ALP: What trends are shaping shopping center developments?

May 2007

Shopping center developments have an enormous impact on the U.S. economy. According to the International Council of Shopping Centers, the industry’s umbrella trade group, shopping centers generate annual sales exceeding two million dollars, and employ almost 10% of the total non-agricultural workers in the U.S.

So what trends are shaping the industry today? Shopping centers range from the so-called “strip center” (e.g., an open-air linear strip row of stores) to the super regional malls which are typically anchored by large department stores. However, the growth of “lifestyle centers” is an emerging trend, particularly when coupled with adjacent non-retail developments as part of a larger mixed-use project. Mixed-use developments create the “live-work-play” environment by combining retail shopping with other kinds of developments like hotels, offices, cultural venues and/or apartments and residential condominiums. The retail component typically includes a so-called “lifestyle center” which caters to the “lifestyle” of its patrons. These centers are typically built in an open-air, pedestrian-friendly configuration, populated with upscale national chain specialty stores, restaurants, movie theaters and health clubs. The centers are leisure time destinations built with streets and sidewalks, and often include multi-story apartments or condominiums above the ground floor retail space.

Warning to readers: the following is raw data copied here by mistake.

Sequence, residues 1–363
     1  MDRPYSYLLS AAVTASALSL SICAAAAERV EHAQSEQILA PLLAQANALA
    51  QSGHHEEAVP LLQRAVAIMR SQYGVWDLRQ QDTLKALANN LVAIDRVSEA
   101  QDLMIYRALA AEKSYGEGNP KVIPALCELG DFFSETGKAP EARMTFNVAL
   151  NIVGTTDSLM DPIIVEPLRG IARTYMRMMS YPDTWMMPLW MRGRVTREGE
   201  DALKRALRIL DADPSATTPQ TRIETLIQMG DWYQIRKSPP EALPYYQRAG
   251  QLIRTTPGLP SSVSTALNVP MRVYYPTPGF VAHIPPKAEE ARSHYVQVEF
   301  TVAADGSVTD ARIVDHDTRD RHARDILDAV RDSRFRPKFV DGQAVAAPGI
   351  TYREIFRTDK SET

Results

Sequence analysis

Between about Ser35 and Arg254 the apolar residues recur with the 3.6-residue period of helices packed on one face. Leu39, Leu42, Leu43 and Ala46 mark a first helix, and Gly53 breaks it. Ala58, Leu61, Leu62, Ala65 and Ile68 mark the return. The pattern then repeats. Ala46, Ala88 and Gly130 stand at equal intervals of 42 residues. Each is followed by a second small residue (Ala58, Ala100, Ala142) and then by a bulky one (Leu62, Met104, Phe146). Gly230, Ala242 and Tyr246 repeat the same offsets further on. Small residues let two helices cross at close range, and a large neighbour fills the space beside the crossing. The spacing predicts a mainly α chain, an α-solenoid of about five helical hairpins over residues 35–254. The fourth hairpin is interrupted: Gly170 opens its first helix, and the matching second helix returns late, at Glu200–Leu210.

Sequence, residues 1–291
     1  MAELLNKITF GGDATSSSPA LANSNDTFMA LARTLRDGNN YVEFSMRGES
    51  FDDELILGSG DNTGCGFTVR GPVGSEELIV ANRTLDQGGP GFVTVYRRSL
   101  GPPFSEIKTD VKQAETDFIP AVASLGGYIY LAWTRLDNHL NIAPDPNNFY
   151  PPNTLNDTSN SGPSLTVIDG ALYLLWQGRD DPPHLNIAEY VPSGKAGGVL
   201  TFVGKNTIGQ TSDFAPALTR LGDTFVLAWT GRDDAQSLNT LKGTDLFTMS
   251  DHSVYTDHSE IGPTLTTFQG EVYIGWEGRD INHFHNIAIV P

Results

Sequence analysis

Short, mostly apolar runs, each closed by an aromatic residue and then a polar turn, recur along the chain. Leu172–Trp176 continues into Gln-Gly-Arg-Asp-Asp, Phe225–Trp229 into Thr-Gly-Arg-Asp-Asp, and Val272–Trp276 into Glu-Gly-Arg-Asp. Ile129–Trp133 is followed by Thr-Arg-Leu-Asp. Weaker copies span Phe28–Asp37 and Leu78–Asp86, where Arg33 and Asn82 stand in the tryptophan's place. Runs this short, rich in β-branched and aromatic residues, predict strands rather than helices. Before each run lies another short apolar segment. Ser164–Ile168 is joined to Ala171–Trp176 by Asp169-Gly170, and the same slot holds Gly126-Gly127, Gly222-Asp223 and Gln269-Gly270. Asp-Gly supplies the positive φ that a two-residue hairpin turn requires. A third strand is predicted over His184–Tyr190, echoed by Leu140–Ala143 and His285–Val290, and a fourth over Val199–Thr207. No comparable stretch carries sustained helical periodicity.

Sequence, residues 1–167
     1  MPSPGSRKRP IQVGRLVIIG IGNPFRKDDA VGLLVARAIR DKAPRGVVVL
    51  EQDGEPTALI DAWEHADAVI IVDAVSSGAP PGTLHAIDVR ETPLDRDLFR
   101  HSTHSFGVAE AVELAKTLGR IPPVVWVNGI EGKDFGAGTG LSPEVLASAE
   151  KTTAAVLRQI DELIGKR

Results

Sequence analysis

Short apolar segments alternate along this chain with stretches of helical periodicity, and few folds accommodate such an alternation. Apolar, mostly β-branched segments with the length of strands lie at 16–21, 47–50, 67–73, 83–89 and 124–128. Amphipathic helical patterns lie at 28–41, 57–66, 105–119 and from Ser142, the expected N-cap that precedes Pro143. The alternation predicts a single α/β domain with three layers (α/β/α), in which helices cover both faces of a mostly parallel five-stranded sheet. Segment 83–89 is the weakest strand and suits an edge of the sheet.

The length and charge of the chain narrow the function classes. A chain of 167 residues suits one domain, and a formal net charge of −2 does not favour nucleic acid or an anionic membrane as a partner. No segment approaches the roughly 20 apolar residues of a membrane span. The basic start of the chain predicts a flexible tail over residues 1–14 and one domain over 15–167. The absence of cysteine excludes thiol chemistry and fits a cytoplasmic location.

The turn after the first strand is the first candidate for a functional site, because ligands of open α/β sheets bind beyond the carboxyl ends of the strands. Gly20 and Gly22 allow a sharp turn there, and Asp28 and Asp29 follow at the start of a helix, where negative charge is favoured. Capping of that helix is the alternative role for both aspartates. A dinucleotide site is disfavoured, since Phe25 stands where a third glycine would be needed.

All of this new development has also spawned new configurations for the real estate ownership. The mixed use projects often include multiple developers, one owning the retail and the others owning the office, residential or hotel components. Another emerging ownership trend is to build the developments on separate parcels and sell those parcels to individual investors needing a place to roll over a capital gain from the sale of other real estate. Other developers are selling fractional interests in their developments to a group of investors each owning a small percentage of the project creating a “tenant-in-common” or “TIC” form of ownership.

These general trends are bringing new shapes to both the physical and legal structures of shopping center developments, as this industry continues to serve as a major economic engine for our economy.